Sexually transmitted diseases – STDs or sexually transmitted infections – STIs are serious health issues. It is important to learn and be informed on STDs in order to be able to protect yourself.
As the name implies, STDs are spread through sex (vaginal, oral, anal or genital touching) and close sexual contact. Passed from person to person through blood, semen, or vaginal and other bodily fluids. It is possible for STDs to be transmitted nonsexually, for instance from a mother to their infants during pregnancy or childbirth, through blood transfusions or shared needles.
Sometimes STDs have no signs or symptoms. Even in such cases, a healthy looking person with no symptoms can still transmit STDs to others. For this reason, if someone discovered they had an STD, it is their responsibility to communicate this with their sexual partners. This is so they can also get screened, receive treatment and possibly prevent further transmission.
Not any regular rash, small reddish-brown bumps on any area of the body. This can be on the infected area; genitals, rectum, tongue or lips. The rash can also appear on the palms or soles of the feet. Such a rash is a sign and symptom of syphilis, HIV and herpes.
2. Open sores
Open sores are also referred to as ulcers. These can be on, nearby or inside the genital or anal area. Ulcers can make urination painful. This can also mean pain and tenderness in the genital area until the infection clears. Open sores are a sign and symptom of syphilis and herpes.
3. Painful urination
Pain or a burning sensation during urination is a common sign of an STD. This is also a symptom of a urinary tract infection (UTI) or kidney stones. Getting screened is important so treatment can be started. It is a sign of chlamydia, gonorrhoea and herpes.
4. Unusual discharge or swelling of the male genitals
Penile discharge may be watery (clear), cloudy (containing pus) or bloody. This can contribute to burning or pain during urination. Genital swelling refers to swelling of the scrotum or the testicles within the scrotum. These are signs of gonorrhoea, chlamydia, syphilis and in rare cases herpes.
5. Abnormal vaginal discharge and bleeding
Bleeding through menstruation and vaginal discharge are normal. However, if it is excessive bleeding (during or between periods) or the discharge is strangely coloured and smells bad there is a reason for concern. This is a sign and symptom of gonorrhoea and chlamydia.
Itching in, on or around the genital area; vagina, penis, the inner thighs or the buttocks (rectum or anal itchiness). The itchiness and the need to scratch can be discomforting. Itching is a common sign and symptom of chlamydia, gonorrhoea, trichomoniasis, herpes and genital warts.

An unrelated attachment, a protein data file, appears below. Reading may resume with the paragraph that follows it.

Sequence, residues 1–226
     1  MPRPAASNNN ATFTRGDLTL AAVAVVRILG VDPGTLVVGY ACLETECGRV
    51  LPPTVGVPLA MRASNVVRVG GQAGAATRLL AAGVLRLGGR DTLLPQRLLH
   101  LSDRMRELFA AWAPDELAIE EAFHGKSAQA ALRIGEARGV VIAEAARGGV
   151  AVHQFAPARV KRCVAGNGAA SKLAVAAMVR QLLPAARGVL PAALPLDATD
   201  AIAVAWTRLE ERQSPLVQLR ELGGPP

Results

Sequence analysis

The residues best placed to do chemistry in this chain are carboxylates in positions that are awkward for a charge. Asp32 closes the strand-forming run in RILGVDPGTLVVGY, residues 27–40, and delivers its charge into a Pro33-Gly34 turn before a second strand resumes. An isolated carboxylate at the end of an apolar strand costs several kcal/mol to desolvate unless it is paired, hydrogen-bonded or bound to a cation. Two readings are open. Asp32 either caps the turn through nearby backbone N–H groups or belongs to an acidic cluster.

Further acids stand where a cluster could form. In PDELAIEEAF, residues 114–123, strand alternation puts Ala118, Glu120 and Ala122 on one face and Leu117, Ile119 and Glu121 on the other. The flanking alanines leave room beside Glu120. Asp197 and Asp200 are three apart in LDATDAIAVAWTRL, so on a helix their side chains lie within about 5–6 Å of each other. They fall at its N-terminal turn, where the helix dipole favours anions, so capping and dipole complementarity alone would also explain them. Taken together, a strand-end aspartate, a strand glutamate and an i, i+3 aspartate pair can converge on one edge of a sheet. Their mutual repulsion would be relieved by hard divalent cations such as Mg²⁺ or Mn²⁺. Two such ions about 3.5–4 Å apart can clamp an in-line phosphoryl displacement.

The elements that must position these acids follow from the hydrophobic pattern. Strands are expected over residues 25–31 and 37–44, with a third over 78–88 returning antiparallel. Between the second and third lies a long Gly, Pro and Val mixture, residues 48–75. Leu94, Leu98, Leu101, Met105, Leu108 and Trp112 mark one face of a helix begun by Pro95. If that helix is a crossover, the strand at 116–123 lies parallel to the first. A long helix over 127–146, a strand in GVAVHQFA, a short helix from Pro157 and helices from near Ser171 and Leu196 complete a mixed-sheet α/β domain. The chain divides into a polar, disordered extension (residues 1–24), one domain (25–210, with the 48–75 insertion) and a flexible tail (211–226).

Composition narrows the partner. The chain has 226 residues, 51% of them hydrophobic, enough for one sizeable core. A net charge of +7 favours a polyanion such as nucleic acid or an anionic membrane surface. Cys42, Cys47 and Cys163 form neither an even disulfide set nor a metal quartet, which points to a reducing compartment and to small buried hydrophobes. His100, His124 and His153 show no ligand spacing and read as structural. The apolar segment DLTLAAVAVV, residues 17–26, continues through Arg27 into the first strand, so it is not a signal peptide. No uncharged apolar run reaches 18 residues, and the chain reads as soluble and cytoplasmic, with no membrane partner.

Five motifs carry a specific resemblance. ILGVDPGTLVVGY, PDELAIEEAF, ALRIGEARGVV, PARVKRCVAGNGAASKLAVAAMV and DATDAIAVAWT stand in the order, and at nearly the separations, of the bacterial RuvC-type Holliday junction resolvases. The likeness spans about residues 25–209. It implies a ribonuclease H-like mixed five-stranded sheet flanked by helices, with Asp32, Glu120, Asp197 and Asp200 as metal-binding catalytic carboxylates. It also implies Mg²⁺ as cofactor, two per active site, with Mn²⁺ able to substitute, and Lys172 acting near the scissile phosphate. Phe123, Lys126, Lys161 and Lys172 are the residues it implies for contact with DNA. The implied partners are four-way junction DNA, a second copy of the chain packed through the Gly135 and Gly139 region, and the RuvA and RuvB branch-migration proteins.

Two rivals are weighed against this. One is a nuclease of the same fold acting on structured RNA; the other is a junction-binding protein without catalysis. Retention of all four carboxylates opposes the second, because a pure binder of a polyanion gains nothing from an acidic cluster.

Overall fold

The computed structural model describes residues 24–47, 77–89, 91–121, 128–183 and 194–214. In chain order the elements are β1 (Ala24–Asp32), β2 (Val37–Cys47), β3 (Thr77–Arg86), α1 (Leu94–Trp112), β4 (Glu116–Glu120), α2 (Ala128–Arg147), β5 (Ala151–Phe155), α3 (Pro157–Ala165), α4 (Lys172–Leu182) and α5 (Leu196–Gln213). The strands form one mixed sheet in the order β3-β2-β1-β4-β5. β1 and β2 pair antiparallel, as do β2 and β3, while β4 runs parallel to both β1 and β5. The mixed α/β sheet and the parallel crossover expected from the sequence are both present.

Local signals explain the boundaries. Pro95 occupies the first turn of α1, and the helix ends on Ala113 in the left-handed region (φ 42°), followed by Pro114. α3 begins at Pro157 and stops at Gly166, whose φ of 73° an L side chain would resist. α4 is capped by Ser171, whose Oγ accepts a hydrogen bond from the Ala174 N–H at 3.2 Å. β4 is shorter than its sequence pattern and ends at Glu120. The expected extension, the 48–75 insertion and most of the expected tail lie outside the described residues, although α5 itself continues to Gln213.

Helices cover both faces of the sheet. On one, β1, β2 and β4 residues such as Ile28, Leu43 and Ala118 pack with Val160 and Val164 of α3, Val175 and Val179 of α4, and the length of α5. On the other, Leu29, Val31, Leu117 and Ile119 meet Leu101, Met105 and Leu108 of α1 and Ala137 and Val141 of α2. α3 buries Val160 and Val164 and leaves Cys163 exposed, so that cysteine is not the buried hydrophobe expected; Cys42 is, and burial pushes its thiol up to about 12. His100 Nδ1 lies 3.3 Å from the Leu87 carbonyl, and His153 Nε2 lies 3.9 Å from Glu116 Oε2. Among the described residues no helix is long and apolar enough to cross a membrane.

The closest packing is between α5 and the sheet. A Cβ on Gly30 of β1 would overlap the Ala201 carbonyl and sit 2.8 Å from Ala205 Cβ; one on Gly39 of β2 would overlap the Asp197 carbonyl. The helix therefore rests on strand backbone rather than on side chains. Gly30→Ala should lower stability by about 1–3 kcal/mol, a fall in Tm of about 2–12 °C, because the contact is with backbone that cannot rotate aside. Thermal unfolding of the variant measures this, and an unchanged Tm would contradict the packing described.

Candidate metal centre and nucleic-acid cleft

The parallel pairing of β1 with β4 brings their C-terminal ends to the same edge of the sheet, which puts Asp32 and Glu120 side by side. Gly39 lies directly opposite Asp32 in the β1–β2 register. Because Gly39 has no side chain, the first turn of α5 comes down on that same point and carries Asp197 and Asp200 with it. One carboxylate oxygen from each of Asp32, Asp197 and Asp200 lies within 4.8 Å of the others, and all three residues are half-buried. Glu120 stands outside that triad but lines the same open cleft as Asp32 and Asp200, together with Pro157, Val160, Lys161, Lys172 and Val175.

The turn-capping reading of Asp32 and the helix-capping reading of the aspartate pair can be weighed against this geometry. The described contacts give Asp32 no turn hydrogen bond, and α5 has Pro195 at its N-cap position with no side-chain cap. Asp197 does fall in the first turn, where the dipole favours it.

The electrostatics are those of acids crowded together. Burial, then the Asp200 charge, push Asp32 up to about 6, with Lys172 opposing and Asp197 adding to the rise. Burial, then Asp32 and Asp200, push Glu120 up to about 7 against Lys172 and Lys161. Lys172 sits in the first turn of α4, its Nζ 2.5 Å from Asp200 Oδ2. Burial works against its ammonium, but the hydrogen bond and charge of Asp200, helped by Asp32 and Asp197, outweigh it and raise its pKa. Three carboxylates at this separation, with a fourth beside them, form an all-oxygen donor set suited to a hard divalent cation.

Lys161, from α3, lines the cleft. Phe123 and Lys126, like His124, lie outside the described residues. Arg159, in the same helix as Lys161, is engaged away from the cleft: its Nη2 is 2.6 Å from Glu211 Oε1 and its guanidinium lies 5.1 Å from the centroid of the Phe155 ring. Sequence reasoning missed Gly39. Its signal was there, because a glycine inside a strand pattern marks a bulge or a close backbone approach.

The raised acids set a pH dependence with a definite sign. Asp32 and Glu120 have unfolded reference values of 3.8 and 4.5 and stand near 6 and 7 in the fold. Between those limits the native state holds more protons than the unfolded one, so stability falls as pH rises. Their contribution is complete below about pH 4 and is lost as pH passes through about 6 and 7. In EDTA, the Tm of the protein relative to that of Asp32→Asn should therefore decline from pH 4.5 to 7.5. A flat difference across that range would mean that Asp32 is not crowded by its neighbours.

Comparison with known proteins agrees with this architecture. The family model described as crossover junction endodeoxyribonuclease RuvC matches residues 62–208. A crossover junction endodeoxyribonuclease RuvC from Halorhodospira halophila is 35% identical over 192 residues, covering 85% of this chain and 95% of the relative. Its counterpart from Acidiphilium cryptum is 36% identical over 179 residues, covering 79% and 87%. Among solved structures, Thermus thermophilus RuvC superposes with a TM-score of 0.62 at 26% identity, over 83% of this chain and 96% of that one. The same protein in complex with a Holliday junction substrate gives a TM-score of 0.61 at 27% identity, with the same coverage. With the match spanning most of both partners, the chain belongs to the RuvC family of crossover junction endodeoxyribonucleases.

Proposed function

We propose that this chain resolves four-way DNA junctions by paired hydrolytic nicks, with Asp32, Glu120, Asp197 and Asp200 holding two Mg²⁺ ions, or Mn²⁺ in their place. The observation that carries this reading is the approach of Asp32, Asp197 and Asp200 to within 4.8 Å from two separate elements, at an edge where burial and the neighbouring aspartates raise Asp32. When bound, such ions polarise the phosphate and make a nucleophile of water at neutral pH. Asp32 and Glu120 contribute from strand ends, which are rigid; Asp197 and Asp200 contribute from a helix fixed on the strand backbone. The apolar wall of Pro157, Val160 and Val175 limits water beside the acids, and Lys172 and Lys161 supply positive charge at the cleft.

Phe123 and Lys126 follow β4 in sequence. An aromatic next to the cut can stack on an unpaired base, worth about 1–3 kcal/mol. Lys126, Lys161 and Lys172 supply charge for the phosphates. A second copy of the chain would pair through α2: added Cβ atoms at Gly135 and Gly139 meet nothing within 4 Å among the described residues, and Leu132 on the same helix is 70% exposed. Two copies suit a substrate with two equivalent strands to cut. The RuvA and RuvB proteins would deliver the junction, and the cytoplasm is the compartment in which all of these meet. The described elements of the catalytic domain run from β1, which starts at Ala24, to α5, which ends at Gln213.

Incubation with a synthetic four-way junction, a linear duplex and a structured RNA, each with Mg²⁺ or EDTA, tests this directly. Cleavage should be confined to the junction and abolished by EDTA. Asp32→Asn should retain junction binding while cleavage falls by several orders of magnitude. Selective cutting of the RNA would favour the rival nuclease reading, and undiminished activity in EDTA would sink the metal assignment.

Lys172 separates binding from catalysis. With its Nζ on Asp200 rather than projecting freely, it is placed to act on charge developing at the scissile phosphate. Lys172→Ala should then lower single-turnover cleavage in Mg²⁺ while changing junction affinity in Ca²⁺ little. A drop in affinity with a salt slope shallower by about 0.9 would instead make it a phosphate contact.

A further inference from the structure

7. Lower abdominal Pain
This pain originates in the pelvic area and is felt in the lower abdomen. This pain can be cramping, dull, or even intense. Abdominal pain can also come from the liver area, on the right side below the ribs. This is a sign and symptom for chlamydia, gonorrhoea, trichomoniasis, herpes and genital warts.
Fevers are an indication that the body is trying to fight off an infection, it is possible for this to be a sexually transmitted infection. Fever, fatigue, nausea, vomiting or headaches can be a sign of a number of STDs. They are signs and symptoms of chlamydia, gonorrhoea, syphilis, HIV, Hepatitis A and herpes.
9. Swollen lymph nodes
Swollen lymph nodes are often the result of a bacterial or viral infection. They play a vital role in the body fighting off infections. Common areas where you might notice swollen lymph nodes include your neck, under your chin, in your armpits and in your groin. This is a sign and symptom of chlamydia, gonorrhoea, syphilis, herpes and HIV.
10. Diarrhea or painful bowel movements
Diarrhoea is often thought to be brought about by eating something bad, it can also be caused by STDs. Diarrhoea as well as painful bowel movements are signs and symptoms of gonorrhoea, chlamydia, HIV and herpes.
Anyone who is sexually active is potentially being exposed to the possibility of contracting an STD. There are aspects that do increase the risk; such as unprotected sex, sexual abuse, multiple sexual partners or injectable drugs. On top of this, many people do not experience symptoms in the early stages of contracting the STD. Screening is therefore important, if you are sexually active it is recommended to get an STD test at least once a year.